The tourist destination Machu Picchu was shut down indefinitely by Peru on Saturday, the latest indication that anti-government protests that started last month are spreading throughout the South American nation.
According to the Ministry of Culture, the most well-known tourist destination in the nation and the Inca Trail that leads to it have been blocked “to protect the safety of travelers and the community in general.”
More than 300 of the 417 people who are trapped at Machu Picchu and unable to leave are foreigners, according to Luis Fernando Helguero, the tourism minister.
The shutdown of the Incan fortress, built in the 15th century and sometimes listed as one of the world’s new seven wonders, comes as demonstrators from distant Andean provinces have marched on Lima, the nation’s capital, calling for President Dina Boluarte to step down.
To evict protesters from distant areas who were staying on campus while participating in significant demonstrations that started in the capital on Thursday, police invaded Peru’s most prestigious public university in Lima on Saturday.
The protests, which were previously centered in the south of the nation, started last month shortly after President Pedro Castillo, the first president of Peru to come from a rural Andean background, was impeached and jailed for attempting to dissolve Congress.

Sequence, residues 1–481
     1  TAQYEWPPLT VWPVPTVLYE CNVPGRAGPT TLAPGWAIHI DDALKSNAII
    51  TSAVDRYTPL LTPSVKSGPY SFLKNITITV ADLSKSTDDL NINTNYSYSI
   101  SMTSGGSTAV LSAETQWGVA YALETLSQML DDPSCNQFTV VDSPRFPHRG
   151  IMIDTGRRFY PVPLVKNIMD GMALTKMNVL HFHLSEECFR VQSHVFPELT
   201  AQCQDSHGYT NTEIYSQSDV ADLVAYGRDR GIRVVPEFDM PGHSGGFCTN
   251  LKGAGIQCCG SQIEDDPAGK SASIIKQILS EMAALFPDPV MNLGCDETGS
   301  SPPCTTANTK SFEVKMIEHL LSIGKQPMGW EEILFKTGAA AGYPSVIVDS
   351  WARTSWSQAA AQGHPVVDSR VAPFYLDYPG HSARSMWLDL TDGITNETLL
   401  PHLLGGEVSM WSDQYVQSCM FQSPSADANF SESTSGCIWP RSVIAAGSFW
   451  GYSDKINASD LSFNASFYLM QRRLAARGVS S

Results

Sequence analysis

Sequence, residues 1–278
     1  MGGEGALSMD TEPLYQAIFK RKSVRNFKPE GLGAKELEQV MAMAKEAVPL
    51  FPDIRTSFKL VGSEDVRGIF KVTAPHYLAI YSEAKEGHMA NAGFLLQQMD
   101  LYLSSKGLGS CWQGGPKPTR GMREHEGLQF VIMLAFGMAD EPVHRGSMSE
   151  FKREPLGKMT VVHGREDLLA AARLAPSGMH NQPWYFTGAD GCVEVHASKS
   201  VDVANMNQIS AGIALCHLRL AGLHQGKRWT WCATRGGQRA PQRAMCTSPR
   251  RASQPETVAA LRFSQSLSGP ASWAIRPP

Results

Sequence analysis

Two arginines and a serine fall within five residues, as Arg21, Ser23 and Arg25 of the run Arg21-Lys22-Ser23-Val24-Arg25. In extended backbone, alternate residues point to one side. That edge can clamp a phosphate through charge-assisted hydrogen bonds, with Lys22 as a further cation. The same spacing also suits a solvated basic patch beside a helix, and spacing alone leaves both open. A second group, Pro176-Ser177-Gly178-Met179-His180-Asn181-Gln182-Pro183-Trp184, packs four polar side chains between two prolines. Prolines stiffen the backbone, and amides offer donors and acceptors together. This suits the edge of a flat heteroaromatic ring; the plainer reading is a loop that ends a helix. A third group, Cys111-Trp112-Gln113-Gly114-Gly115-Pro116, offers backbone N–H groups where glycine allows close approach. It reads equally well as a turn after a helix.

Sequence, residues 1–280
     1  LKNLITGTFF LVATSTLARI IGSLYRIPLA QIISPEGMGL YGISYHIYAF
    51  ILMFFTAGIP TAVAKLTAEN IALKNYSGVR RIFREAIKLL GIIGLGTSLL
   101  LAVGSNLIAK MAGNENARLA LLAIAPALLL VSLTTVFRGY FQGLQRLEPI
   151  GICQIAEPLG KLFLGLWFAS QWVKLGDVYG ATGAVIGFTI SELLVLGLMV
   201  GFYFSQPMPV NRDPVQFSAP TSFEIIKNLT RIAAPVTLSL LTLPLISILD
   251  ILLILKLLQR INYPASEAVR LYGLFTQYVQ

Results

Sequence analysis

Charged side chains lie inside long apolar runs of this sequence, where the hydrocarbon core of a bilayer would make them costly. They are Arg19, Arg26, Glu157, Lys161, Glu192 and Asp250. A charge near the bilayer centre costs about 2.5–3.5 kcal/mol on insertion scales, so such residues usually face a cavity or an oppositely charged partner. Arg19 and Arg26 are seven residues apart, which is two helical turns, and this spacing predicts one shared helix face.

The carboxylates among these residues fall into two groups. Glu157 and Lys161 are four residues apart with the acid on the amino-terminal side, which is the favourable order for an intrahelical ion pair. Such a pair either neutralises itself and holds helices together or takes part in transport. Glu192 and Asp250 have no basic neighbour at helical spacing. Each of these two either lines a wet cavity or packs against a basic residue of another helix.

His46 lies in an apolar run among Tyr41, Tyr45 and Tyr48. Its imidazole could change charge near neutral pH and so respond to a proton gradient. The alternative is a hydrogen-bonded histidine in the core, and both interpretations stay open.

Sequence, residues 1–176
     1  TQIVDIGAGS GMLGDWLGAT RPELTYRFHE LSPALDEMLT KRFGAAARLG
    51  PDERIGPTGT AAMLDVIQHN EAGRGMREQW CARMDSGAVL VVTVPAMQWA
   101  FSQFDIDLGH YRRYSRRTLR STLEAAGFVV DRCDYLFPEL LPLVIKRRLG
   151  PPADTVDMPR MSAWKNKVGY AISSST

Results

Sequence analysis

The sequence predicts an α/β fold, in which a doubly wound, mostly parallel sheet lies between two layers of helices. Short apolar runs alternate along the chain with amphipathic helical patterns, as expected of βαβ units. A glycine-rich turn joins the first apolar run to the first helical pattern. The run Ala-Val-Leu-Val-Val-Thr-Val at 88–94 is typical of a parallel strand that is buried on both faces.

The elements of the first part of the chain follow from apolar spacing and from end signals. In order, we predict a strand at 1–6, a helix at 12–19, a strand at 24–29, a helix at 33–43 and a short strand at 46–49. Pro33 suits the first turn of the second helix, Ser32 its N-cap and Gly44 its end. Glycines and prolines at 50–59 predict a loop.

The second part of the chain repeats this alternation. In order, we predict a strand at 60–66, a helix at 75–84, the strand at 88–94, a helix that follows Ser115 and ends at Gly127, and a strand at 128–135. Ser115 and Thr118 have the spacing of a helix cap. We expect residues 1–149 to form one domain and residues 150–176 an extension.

The subsequent rioting has resulted in the deaths of over 55 persons.
The most recent incident occurred Friday night after conflicts with police in the southern Puno district, during which a demonstrator died, and at least nine other people were hurt.
Boluarte, the former vice president sworn into office on December 7 to replace Castillo, is being called upon to quit by protesters.
They also want the dissolution of Congress and new elections. Castillo is currently in custody after being accused of rebelling.
Some tourists stranded at Machu Picchu have opted to go to Piscacucho, the closest village, but Helguero noted that this requires a six- to seven-hour trip and that only a select handful are capable of doing so.
Due to track problems, the train service to Machu Picchu has been suspended since Thursday. Some tourists opt to climb the multi-day Inca Trail to reach Machu Picchu.
Since the demonstrations started, tourists have been stranded in Machu Picchu before.
Intense skirmishes between demonstrators and law enforcement have occurred in Cusco, where Machu Picchu is located, resulting in a considerable loss of revenue for the tourism industry.
This week, demonstrators attempted to overrun the Cusco airport’s facilities, which led to a brief closure.
From Saturday until one month following the end of the protests, those who had already purchased tickets for Machu Picchu could get a discount.